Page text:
One Friday night in April, Bianca Jonkers, her boyfriend and his cousin visited a local tavern for a fun night out. Jonkers, who prefers not to use her real name, had just relocated from the Western Cape to live with her boyfriend in Diepsloot, a township in northern Johannesburg.
“I came here to start a new life,” she explains. “We first lived in the Western Cape, but then my boyfriend got a job in Johannesburg and I wanted us to be together.”
Round about 11pm, the 41-year-old decided to return home. She left her boyfriend and his cousin behind for the 2 km walk to their rented backroom.
But about halfway, Jonkers was stopped by a group of seven men. “Give us your phone and money,” they shouted.
But she had neither. “All I had was eight rands in my back pocket.”
Jonkers pauses. She nervously swivels her keys.
“I knew I was in trouble. They started dragging me into a ditch where people dump their rubbish, next to a stream of water.”
Four of the seven men raped Jonkers. Repeatedly. One held a knife to her neck and threatened to kill her if she screamed for help. “I was scared, I would rather be alive than to be stabbed to death,” she explains.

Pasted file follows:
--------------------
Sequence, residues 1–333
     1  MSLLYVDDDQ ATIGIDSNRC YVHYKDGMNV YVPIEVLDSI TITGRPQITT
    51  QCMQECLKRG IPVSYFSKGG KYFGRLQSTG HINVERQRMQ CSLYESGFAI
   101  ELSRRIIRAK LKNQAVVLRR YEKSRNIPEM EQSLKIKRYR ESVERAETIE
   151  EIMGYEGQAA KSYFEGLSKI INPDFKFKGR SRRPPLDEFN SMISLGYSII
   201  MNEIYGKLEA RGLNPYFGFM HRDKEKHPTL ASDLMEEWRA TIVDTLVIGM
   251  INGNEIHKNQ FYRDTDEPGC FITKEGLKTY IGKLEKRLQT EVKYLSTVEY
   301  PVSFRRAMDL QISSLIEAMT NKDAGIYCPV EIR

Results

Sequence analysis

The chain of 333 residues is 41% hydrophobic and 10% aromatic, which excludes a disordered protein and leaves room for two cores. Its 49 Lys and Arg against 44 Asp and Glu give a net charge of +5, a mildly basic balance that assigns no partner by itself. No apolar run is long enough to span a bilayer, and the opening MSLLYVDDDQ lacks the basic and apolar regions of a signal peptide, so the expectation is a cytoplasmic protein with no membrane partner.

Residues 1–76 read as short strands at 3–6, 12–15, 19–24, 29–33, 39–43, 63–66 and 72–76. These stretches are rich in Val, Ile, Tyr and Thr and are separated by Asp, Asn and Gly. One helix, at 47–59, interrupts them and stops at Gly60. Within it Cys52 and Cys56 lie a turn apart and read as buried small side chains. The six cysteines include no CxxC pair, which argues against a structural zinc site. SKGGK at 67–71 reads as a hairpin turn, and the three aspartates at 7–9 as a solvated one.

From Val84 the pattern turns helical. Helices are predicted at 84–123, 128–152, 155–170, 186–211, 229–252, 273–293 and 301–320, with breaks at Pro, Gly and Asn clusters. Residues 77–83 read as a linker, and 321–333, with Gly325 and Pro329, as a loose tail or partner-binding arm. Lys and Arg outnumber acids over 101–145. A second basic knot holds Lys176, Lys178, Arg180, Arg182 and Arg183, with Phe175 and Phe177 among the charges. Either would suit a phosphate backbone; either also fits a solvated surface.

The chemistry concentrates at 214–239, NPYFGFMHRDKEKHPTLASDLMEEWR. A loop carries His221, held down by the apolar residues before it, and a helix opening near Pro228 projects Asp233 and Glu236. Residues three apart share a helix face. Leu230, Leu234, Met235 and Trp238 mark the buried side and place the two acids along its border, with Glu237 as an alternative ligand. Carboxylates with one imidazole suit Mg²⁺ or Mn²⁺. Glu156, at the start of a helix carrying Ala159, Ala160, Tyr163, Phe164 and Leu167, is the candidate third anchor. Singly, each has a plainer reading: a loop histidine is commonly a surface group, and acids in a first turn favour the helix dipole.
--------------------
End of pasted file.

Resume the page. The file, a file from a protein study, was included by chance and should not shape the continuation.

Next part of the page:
She looks out the window of the wendy house of a Diepsloot rape counsellor where she sits in the corner of a white, foldable chair. “So I laid there, waiting for them to finish.”
Free number for help
The next day Jonkers’ landlord came to her help. The landlord dialled *134*403# on her cellphone – she had heard about the number at her church. She didn’t need any data or airtime to dial the number, because the app’s developers cover the cost of the data through “unstructured supplementary service data” (USSD) technology.
After Jonkers had dialled the number, she received an SMS with the numbers and addresses of organisations that could help. That’s how Jonkers ended up at Brown Lekekela’s wendy house.
He runs The Green Door, the only place of shelter in Diepsloot for women and children who have been abused. Lekekela counsels gender-based violence victims and helps them report their cases to the police. The Green Door is located in Extension 6, in his backyard.